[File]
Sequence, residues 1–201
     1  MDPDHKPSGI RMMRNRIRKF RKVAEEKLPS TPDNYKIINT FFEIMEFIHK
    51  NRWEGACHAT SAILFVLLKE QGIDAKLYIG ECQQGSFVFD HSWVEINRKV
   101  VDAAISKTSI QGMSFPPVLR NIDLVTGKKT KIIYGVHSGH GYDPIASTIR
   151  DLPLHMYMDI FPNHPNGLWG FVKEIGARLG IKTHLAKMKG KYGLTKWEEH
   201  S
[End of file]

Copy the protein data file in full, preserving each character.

Sequence, residues 1–201
     1  MDPDHKPSGI RMMRNRIRKF RKVAEEKLPS TPDNYKIINT FFEIMEFIHK
    51  NRWEGACHAT SAILFVLLKE QGIDAKLYIG ECQQGSFVFD HSWVEINRKV
   101  VDAAISKTSI QGMSFPPVLR NIDLVTGKKT KIIYGVHSGH GYDPIASTIR
   151  DLPLHMYMDI FPNHPNGLWG FVKEIGARLG IKTHLAKMKG KYGLTKWEEH
   201  S